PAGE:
Merino wool has been a staple of the outdoor industry for years, and for good reason. It is warm, lightweight, easy to source, and very versatile. As a result, you’ll now find it is being used by various gear companies to make everything from baselayers and socks to jackets and beanies, with just about everything inbetween. But at the recent Winter Outdoor Retailer show I came across several companies that were using alternatives to merino for use in their clothing, with three options being particularly noteworthy.
Cotopaxi Llama Fleece Jacket
Cotopaxi is well known for making products that are unique, good looking, and leave a positive impact on the planet. But when the company went searching for merino-alternatives for use in its Kusa Jacket, it discovered an excellent replacement in the highlands of South America. The jacket uses llama fleece for insulation, which is lauded for being lightweight, very warm, and quick drying too. That same material has been used throughout the Andes for more than 6000 years, proving its worth over time.
Kora Yak Fleece Baselayers
The team at Kora knew exaclty what material it wanted to use to make their fabrics, and it comes from even higher up in the mountains. The company uses wool that is harvested from yaks living on the Tibetan Plateau in the Himalaya, where the animals have evolved thick coats to protect themselves from harsh conditions found there. By using the wool from those yaks, Kora has created baselayers and performance clothing that are considerably warmer, and softer, than those made from merino. But those fabrics still retain the same level of breathability, are quick drying, and don’t absorb odor either, All qualities that merino is well known for.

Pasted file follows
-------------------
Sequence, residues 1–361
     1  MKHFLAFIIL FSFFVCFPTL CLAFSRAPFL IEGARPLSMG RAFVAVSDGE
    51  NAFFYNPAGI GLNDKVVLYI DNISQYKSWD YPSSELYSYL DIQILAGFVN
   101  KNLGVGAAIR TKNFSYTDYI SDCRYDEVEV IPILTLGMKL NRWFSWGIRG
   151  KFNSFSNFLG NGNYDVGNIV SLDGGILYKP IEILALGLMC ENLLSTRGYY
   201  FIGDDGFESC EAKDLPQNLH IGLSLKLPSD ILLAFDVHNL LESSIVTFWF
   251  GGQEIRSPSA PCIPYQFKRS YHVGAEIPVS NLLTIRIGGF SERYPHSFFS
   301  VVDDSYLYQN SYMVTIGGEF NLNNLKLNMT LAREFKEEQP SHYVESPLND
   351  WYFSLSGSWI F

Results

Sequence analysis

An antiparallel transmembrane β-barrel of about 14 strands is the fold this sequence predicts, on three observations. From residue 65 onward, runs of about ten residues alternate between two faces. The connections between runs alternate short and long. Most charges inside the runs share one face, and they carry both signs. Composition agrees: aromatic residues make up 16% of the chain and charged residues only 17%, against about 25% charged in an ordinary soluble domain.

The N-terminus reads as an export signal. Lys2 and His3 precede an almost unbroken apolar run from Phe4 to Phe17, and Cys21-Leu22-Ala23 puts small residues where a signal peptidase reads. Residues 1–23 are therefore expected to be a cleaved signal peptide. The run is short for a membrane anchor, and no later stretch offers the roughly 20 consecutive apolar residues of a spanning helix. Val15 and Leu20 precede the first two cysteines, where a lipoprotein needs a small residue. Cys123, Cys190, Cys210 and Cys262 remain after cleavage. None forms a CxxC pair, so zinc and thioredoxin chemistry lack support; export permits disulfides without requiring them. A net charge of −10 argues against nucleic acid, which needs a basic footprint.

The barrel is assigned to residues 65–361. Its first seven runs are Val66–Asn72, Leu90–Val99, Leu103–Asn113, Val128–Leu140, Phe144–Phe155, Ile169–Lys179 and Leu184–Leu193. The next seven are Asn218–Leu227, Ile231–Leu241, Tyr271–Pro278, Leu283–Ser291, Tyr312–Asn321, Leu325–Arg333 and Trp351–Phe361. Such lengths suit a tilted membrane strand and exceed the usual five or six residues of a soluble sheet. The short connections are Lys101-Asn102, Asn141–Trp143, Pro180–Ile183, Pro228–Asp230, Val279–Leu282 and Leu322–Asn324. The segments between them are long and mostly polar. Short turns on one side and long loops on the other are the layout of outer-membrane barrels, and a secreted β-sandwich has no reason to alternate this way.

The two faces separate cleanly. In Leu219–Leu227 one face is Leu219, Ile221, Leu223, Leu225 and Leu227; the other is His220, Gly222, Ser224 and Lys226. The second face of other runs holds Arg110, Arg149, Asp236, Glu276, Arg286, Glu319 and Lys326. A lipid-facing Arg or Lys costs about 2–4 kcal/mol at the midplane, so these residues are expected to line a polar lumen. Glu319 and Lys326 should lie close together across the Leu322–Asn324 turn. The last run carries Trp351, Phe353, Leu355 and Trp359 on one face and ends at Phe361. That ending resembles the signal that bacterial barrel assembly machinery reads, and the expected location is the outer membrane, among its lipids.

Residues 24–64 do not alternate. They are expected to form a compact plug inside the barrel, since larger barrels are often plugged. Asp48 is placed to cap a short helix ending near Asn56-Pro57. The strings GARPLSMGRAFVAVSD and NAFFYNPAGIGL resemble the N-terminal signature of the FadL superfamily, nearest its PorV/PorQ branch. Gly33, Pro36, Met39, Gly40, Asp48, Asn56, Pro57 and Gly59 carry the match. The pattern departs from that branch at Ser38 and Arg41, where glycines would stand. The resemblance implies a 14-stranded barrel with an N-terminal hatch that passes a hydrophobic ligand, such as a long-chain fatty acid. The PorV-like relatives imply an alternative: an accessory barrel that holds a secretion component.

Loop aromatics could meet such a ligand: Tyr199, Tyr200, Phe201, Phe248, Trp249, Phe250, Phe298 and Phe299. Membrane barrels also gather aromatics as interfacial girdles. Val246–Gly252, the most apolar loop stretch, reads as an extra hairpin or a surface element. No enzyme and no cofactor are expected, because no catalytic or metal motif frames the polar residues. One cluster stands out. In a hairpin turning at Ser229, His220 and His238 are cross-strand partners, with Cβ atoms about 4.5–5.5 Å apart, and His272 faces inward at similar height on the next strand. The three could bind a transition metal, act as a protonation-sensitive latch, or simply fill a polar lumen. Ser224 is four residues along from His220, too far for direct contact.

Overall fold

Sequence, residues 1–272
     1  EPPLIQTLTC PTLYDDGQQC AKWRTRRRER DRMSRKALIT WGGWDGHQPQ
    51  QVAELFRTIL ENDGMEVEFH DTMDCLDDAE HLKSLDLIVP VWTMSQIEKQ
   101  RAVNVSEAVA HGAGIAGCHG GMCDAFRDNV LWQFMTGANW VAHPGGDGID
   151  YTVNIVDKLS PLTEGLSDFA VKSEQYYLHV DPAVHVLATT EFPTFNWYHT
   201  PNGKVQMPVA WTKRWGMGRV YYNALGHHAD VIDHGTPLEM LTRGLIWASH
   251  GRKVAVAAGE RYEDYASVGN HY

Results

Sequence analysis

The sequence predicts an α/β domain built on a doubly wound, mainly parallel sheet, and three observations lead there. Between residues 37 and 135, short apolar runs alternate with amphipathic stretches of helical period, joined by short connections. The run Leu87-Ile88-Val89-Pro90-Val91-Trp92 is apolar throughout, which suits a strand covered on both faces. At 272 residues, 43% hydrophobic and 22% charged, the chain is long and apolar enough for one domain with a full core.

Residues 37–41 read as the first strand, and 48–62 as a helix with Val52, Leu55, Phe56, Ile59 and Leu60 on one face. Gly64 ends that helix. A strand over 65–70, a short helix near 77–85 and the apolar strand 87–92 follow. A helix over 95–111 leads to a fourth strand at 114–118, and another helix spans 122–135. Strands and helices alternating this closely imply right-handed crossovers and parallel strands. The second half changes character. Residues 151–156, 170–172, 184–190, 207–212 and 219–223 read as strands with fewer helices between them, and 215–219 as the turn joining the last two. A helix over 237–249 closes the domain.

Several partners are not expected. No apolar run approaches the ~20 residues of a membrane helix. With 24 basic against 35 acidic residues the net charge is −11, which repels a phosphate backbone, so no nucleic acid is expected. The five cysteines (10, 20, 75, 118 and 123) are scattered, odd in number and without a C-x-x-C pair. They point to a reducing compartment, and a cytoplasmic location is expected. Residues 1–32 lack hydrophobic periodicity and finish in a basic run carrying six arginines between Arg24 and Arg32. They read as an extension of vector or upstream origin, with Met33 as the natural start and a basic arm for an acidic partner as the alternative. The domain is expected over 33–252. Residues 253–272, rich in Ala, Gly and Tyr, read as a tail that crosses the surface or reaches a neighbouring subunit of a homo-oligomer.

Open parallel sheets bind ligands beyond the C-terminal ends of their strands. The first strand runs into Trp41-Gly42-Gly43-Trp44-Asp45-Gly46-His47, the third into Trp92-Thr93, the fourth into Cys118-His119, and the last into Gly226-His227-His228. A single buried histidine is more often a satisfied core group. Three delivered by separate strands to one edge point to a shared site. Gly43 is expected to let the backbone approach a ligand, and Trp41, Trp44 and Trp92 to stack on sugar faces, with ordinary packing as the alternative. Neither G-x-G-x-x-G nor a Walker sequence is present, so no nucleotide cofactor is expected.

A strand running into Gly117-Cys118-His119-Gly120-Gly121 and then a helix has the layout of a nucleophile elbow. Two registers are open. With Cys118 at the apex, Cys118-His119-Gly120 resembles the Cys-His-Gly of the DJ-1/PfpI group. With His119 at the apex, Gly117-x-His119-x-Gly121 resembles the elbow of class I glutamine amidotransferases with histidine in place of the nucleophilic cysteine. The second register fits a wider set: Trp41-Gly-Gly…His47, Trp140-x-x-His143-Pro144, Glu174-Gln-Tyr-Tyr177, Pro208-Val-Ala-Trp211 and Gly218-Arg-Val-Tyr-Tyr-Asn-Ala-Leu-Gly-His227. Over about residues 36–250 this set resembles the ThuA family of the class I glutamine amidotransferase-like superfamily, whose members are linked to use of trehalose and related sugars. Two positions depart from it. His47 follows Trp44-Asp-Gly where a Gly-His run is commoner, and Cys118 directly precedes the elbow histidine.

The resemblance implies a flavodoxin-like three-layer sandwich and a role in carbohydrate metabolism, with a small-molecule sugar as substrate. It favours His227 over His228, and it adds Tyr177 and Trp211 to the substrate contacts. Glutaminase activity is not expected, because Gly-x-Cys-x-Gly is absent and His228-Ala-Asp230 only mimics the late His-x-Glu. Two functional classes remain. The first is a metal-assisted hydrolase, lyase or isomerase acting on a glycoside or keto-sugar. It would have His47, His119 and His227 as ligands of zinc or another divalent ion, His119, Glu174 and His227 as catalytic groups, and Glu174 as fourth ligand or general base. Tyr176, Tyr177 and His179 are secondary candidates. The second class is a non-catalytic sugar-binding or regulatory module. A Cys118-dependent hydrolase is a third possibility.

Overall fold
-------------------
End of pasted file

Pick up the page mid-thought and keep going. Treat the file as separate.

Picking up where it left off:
United By Blue Buffalo Fleece Jacket
Philadelphia based United By Blue is another company that has gone in search of alternatives to merino wool and come up with an interesting substitute. When designing their Ultimate American jacket, UBB incorporated bison wool instead, and the results have been reportedly very positive. As an insulator, bison wool compares favorably to merino in many ways in terms of performance, although it is said to be warmer too. And since bison are common in certain areas of the U.S., the entire jacket was sourced and made in America as well.
As you can see, merino wool isn’t the only option in terms of insulations that can be used in our outdoor gear, and in some cases it may not even be the best choice. It remains to be seen if any of these alternatives will be adoped by other gear manufacturers in any capacity.